Jyllie Jackson never sits still – unless she’s making a lantern. That’s a rare joy these days, except when the CEO of Lismore Lantern Parade and LightnUp is at Moorambilla. Then you’ll find her calmly in Baradine, weaving cane and stretching muslin as evocative shapes come to life under her experienced hands.
She has just finished working on the iconic Lismore Lantern Parade, an annual event attracting in excess of 30,000 people each year in the winter solstice, the longest night of the year. The parade involves 52 different community groups in the region. “It’s why I relate so strongly to Moorambilla,” she says.
“This program also reaches across so many different socio economic groups and social and cultural backgrounds. Most importantly, Moorambilla has a great and strong connection to country and to the land. I get goosebumps about that.”
That connection comes from the remote historic site of Mount Grenfell, south west of Cobar. “It’s vast and spacious with incredible ancient rock landforms and artwork, at the edge of the inland sea. How could you not be inspired by the never-ending horizons and vast skies.”
“So here at Moorambilla I asked the boys and girls in their lantern-making workshops to think about being earthed and strong and ancient, just like the rocks. And yet they’re working with paper and tape that can tear and break easily – just like the earth itself, strong and at the same time incredibly fragile.”
“Last year we made Maliyan (the name for the protecting wedge tail eagle in the Gamilaraay, Yuwaalaraay and Yuwaalayaay languages). He is very much a spirit bird, elements of him are like an eagle but also not, a big spirit and a protector. Maliyan will also be a part of Moorambilla this year.”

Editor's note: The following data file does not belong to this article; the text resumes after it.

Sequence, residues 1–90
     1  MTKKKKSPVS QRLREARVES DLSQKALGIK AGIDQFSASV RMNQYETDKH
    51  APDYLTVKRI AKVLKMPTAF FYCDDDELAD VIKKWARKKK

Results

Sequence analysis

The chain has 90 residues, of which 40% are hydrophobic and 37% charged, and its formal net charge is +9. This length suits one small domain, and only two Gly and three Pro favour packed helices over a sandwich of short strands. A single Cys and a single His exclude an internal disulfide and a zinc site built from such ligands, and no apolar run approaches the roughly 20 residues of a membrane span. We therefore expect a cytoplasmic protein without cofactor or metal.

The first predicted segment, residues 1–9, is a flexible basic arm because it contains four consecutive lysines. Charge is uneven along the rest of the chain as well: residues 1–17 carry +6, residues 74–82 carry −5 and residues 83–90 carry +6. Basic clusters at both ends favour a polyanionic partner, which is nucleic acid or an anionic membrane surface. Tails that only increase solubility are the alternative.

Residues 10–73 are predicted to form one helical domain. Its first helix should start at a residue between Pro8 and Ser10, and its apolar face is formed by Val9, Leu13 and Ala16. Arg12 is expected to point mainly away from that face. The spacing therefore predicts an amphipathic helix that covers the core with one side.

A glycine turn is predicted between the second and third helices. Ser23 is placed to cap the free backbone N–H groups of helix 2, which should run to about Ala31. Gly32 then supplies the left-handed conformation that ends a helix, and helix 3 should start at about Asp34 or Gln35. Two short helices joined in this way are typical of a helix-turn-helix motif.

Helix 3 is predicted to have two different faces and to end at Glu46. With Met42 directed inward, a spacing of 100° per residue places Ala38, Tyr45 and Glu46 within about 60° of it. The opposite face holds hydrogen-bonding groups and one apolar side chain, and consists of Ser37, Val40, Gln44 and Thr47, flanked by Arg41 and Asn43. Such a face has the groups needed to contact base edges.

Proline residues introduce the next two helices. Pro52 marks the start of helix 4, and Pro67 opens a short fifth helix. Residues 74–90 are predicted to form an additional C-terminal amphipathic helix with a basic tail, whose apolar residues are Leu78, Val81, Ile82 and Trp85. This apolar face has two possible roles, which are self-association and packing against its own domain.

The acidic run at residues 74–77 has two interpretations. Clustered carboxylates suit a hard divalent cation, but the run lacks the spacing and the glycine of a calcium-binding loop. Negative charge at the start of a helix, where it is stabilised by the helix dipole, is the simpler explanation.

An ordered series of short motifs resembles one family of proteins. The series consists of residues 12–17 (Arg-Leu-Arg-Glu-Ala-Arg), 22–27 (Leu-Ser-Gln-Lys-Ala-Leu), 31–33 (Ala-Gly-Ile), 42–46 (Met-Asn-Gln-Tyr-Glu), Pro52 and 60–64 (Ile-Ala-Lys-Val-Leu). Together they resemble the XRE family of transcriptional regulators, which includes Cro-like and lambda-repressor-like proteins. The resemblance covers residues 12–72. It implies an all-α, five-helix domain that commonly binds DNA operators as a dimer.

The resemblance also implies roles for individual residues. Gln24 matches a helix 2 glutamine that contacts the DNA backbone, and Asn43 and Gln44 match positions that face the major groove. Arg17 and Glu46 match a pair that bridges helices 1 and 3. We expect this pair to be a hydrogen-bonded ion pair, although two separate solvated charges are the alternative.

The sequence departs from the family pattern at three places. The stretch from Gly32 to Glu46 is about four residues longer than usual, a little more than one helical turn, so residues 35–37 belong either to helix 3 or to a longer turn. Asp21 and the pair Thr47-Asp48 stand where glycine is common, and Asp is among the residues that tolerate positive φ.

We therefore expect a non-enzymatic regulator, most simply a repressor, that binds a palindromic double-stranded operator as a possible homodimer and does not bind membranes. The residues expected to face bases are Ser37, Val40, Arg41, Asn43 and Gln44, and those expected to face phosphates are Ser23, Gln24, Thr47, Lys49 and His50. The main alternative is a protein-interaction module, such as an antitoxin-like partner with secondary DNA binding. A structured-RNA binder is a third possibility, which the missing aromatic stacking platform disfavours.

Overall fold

With Noni Carroll’s stunning immersion images in her mind, Jyllie went to a favourite dreaming and creative place near Lismore. “Here you can walk right to the edge of a cliff and look out over the caldera around Mount Warning. I thought about Mount Grenfell as a passing through place and I imagined eagles passing through. I saw two wonderful wedge tailed eagles swooping on the thermal air flows flying together. I felt they were together for life. Which is an unusual thing for humankind these days!”
As a result, Jyllie is designing an installation of light sculptures outside the theatre. When the audience leave the theatre on gala night, they will be invited to pass through a representation of the landscape shaped by lanterns, and look up as a pair of eagles soar above them, watched over by the spirit bird Maliyan. Their journey will end with the stunning fire sculpture by Phil Relf.
Jyllie has worked closely with Moorambilla Artistic Director Michelle Leonard to develop the concept of Moorambilla lanterns since 2009. “I have a wonderful collaborative relationship with Michelle. My conversations with her are really brief – we communicate without words! We get things immediately.”
“I love being here as Michelle allows me the rare indulgence of creating lanterns. I can stop talking to accountants and marketing people and focus and concentrate on the making. I can just be with my art.”
“Rocks are weird things to make out of lanterns!,” laughs Jyllie. “But magic happens! As the Moorambilla message says, life is full of possibilities!”
Images: Moorambilla photographer in residence Noni Carroll.